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Amid Chinese Cyber Threat, How’s India’s Cyber Resilience Looking?

The much awaited National Cyber Security Strategy, drafted by the National Security Council, is yet to be released.

Published
Security
6 min read
The much awaited National Cyber Security Strategy, drafted by the National Security Council, is yet to be released.
i

The alleged intrusion into the networks of 10 assets of India’s power sector and two sea ports by Chinese state-sponsored threat actor ‘RedEcho’ has once again shifted the spotlight on India’s cybersecurity infrastructure and raised questions of its cyber resilience in mitigating such threats.

According to a report in the New York Times, Mumbai’s massive power outage, on 13 October 2020, could have been caused by an attack by a Chinese state-sponsored group. While the Maharashtra government has indicated it could be the result of a ‘cyber sabotage,’ the Union Power Minister has denied such claims.

Nonetheless, it is a fact that India and its civilian, nuclear and defence infrastructure have been subjected to attempted intrusions by state and non-state actors for espionage, information theft, show of strength and strategic posturing.

However, despite a fairly robust set-up on cyber intelligence and resilience, information around India’s cyber policies remain shrouded in secrecy. A holistic doctrine on India’s cyber strategy, particularly its stance on offensive cyber operations remains undefined.

The Quint looks at the history and nature of cyber threats India has faced, its institutional cybersecurity set up among the various ministries and the Prime Minister’s Office as well as issues of effective coordination among the various bodies.

Cyber Attacks on India

India has been at the receiving end of several cyber operations over the last decade. The targeting of India’s civilian and defence infrastructure is reported to have been carried out for espionage, strategic posturing, as a warning as well as for information theft. Following are some of the major reported attacks.

POWER PLANTS & SEA PORTS (2020)

Amid the Indo-China conflict along the Line of Actual Control (LAC) in 2020, China-based threat actor group, codenamed ‘Red Echo’, had targeted at least 10 assets of India’s critical power sector as well as two ports, a report by a US-based cybersecurity company has stated.

These include State Load Despatch Centres (SLDC) and four out of five of India’s Regional Load Despatch Centres (RLDC). They are responsible for ensuring real-time integrated operation of India’s power grid through balancing electricity supply and demand to maintain a stable grid frequency.

The targets also include the National Thermal Power Corporation Ltd (NTPC), Mumbai Port Trust, VO Chidambaranar port in Tamil Nadu.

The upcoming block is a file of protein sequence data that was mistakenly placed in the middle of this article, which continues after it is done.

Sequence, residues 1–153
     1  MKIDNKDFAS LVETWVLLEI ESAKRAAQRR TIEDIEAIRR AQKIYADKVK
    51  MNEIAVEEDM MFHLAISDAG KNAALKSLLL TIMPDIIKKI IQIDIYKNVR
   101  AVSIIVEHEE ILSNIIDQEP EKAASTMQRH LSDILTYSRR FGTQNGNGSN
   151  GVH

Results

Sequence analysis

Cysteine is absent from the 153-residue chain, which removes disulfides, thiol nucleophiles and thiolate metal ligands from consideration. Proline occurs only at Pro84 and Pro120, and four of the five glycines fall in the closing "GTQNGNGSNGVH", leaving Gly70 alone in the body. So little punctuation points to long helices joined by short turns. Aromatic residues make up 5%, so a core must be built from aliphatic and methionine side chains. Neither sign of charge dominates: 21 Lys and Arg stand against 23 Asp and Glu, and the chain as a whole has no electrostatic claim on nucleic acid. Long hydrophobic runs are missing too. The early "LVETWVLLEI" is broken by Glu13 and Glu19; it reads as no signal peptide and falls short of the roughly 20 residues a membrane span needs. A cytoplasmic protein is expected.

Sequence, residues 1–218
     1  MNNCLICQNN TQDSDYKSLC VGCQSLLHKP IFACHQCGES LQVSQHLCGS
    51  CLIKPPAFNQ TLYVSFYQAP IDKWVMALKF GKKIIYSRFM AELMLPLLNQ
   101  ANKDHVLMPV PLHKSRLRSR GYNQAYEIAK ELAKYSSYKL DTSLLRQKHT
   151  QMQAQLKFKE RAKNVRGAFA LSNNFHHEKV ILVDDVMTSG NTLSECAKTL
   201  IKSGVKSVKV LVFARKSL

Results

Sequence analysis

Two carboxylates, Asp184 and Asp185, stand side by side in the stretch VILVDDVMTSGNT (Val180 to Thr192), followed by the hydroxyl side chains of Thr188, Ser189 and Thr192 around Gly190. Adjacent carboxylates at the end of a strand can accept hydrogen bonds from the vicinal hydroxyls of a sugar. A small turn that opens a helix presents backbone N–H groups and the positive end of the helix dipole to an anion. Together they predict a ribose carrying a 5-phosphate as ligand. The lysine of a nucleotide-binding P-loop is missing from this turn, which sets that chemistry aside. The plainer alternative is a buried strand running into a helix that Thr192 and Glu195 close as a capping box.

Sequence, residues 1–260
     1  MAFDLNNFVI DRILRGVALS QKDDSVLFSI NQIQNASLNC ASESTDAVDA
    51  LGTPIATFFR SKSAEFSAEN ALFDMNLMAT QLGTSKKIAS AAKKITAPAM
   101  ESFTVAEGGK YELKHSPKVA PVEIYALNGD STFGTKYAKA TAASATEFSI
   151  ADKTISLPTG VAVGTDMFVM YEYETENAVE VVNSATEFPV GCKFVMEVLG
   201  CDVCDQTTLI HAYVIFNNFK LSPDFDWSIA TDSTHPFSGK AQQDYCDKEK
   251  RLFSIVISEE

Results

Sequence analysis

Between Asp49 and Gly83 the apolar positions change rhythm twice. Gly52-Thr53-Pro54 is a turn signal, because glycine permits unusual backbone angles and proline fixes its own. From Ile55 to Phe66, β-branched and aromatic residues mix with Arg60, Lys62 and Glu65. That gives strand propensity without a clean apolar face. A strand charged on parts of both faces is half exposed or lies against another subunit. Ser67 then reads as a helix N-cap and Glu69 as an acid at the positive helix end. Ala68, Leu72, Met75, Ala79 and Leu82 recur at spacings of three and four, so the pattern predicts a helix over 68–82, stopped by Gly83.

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KUDANKULAM NUCLEAR POWER PLANT (2019)

The Nuclear Power Corporation of India Limited (NPCIL), which runs the Kudankulam plant in Tamil Nadu, on 30 October, confirmed that the “identification of malware in NPCIL system is correct”. This confirmation came after a denial on 29 October that “any attack on the Nuclear Power Plant Control System is not possible.”

The cyber attack by suspected North Korea-based hackers on the Kudankulam Nuclear Power Plant in September 2019 was intended specifically for information theft and The Quint had learnt that the actors were able to steal technology-related data from the plant’s IT systems.

NATIONAL STOCK EXCHANGE (2015)

In 2015, a cyber espionage group attacked an Indian IT firm that provides support to India’s largest stock exchange – the National Stock Exchange (NSE). For 24 months, several Indian government and private organisations have been victims of highly-targeted and sustained cyber attacks by ‘Suckfly’.

Cybersecurity firm Symantec tracked Suckfly since April 2014 and believes it is a Chinese cyber-espionage group. According to Symantec, Suckfly uses stolen digital certificates to breach the internal networks of Indian organisations.

In 2015, between 22 April and 4 May, Suckfly conducted a multistage attack on an Indian e-commerce company. It first identified a user – an employee of the e-commerce company – to attempt its initial breach into the e-commerce company’s internal network.

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SHADOW NETWORK (2009)

In 2009, a cyber espionage operation was reported to have targeted the Tibetan government in exile as well as multiple Indian embassies. Further research revealed this targeting to be a part of a vast espionage operation known as Shadow Network. It targeted Indian military establishments, news publications, and even the National Security Council Secretariat.

India’s Institutional Cybersecurity Set-Up

India has built an inter-ministerial ecosystem of cyber institutions since the dawn of the new millenium. While some function under and report to the Prime Minister’s Office (PMO), others fall under different ministries.

“The current legal framework dealing with cyber-security is not centralized. Different agencies are responsible for various aspects of cyber-security. These can broadly be classified into agencies focusing on civilian cybersecurity, and those focusing on the military cybersecurity,” writes Nidhi Singh, in a blog for National Law University’s Centre for Communication Governance.